CalHFA taps 2008 federal bond recycling program for affordable housing
The California Housing Finance Agency tapped into a 12-year-old federal bond recycling program for the first time in July.
MUFG Union Bank purchased $36 million, $24 million in new volume cap bonds and $12 million in recycled volume cap bonds July 29 at a 3.56% interest rate on bonds maturing on Feb. 1, 2024 in a privately-placed deal, according to CalHFA.
A zero interest credit line from tech giant Apple helped pay off debt issued for Hookston Senior Apartments, freeing up capacity to issue the recycled bonds for Redwood Apartments, an apartment project in Santa Rosa that will create 96 units of affordable housing. The area lost thousands of apartment units in the 2017 Tubbs Fire.
“Working alongside Apple, we looked at California’s housing landscape — the dangerously low affordable housing supply and the rising cost to build while state and federal resources get increasingly scarce — and endeavored to address that issue,” Tia Boatman Patterson, CalHFA’s executive director, said in a statement. “Bond recycling provides an additional resource to help finance affordable housing for struggling California families.”
The credit line from Apple enabled CalHFA to pay off the bonds for Hookston without tapping a line of credit, which would have incurred financing costs.
Apple announced in November that it would provide $2.5 billion to combat the state’s housing crisis with the money split between an affordable housing fund, mortgage assistance programs and with Apple providing some of its own land to build housing.
Apple’s program worked with California Gov. Gavin Newsom, the state and community-based organizations to craft how the money would be used.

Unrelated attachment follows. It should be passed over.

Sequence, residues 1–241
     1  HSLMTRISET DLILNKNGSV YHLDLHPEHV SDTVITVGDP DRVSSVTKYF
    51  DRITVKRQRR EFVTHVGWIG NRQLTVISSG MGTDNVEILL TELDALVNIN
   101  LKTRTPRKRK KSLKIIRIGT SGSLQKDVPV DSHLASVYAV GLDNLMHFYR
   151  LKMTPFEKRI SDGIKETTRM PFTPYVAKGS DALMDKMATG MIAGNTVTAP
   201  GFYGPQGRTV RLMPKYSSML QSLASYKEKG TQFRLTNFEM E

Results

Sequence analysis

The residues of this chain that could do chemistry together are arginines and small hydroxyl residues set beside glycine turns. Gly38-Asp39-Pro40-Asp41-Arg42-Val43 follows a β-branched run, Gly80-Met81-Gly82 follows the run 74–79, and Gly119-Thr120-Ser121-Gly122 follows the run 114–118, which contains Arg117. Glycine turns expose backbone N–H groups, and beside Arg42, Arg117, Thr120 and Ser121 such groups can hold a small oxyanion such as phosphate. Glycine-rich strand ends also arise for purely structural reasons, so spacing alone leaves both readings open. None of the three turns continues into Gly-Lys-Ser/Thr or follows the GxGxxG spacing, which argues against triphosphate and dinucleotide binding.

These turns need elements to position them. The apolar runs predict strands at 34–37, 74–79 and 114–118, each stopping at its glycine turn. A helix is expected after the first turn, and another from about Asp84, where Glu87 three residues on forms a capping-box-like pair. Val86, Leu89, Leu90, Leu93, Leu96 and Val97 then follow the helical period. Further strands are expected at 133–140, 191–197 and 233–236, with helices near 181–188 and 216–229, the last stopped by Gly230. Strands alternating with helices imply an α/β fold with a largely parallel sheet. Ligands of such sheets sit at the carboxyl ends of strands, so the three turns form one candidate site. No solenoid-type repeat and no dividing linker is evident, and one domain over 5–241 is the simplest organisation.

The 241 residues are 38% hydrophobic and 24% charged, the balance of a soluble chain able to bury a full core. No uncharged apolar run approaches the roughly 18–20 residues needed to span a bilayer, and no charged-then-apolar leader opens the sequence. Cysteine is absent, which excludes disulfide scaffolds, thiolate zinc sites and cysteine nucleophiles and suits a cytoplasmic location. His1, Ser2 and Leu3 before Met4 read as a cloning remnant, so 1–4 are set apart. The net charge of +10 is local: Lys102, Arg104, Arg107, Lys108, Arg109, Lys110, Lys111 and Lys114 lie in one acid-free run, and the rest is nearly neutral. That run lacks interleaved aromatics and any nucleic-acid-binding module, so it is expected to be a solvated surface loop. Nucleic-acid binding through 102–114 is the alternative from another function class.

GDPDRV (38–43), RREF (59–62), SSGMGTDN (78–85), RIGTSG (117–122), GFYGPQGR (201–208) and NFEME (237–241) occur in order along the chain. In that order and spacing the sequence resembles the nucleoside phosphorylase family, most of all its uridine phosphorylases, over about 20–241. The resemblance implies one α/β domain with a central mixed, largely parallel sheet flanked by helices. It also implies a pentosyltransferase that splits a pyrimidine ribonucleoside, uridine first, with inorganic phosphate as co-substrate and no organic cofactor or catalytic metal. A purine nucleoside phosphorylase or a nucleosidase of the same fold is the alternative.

Newsom said at the time that Apple’s financial commitment was unparalleled and he encouraged other corporations to do the same given that the sky-high cost of housing is defining the quality of life in the state, and the only solution is to build more housing.
The so-called bond recycling capability created under the 2008 federal legislation allows states to use allocations from previous year caps, if they pay off the debt on existing bonds and issue the new bonds in tandem. The switch in funding from the old project to the new one has to be done in tandem. The new bonds must be issued within five months after the old bonds are paid off.
This is California's first time using the program though New York, New York City, Colorado and Massachusetts have used it before, said Francesc Martí, CalHFA’s director of legislation and policy.
California found itself in the position of hitting the federal cap for private activity bonds for the first time in 2019, so state officials needed to find new ways to meet demand for affordable housing funding. The state has an affordable housing crisis and has ramped up efforts to provide housing for homeless people as their numbers surged in the years following the 2008 economic crisis.
CalHFA has been working in conjunction with State Treasurer Fiona Ma and her office of California Debt Limit Allocation Committee on the bond recycling program. CDLAC determines how the state’s private activity bonding capacity will be used.
The $4.1 billion in private activity bonding capacity California was allowed last year by the federal government was three times oversubscribed, Martí said. Massachusetts and New York also expected to see demand for their PABs to exceed the cap.
CalHFA borrows money in the tax-exempt municipal bond market to fund mortgages for first-time homebuyers as well as multifamily housing. The housing agency said it is actively working to expand its bond recycling program and looking to partner with lenders, developers and local governments to find projects that could use recycled bonds as a financing source.
CalHFA, created in 1975, has helped more than 201,000 low and moderate income homebuyers with $32.6 billion in first mortgages and used $6.1 billion in financing to construct and preserve more than 70,000 affordable rental housing units throughout the state.